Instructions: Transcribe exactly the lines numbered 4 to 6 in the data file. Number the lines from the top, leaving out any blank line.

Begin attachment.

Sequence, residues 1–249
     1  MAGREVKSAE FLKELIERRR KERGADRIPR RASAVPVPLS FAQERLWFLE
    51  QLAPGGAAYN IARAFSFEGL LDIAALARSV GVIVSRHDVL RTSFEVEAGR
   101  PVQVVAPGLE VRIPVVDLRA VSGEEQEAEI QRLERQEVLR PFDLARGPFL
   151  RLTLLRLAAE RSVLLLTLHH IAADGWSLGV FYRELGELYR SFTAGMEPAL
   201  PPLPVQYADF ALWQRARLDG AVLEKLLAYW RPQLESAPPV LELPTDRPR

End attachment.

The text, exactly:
   101  PVQVVAPGLE VRIPVVDLRA VSGEEQEAEI QRLERQEVLR PFDLARGPFL
   151  RLTLLRLAAE RSVLLLTLHH IAADGWSLGV FYRELGELYR SFTAGMEPAL
   201  PPLPVQYADF ALWQRARLDG AVLEKLLAYW RPQLESAPPV LELPTDRPR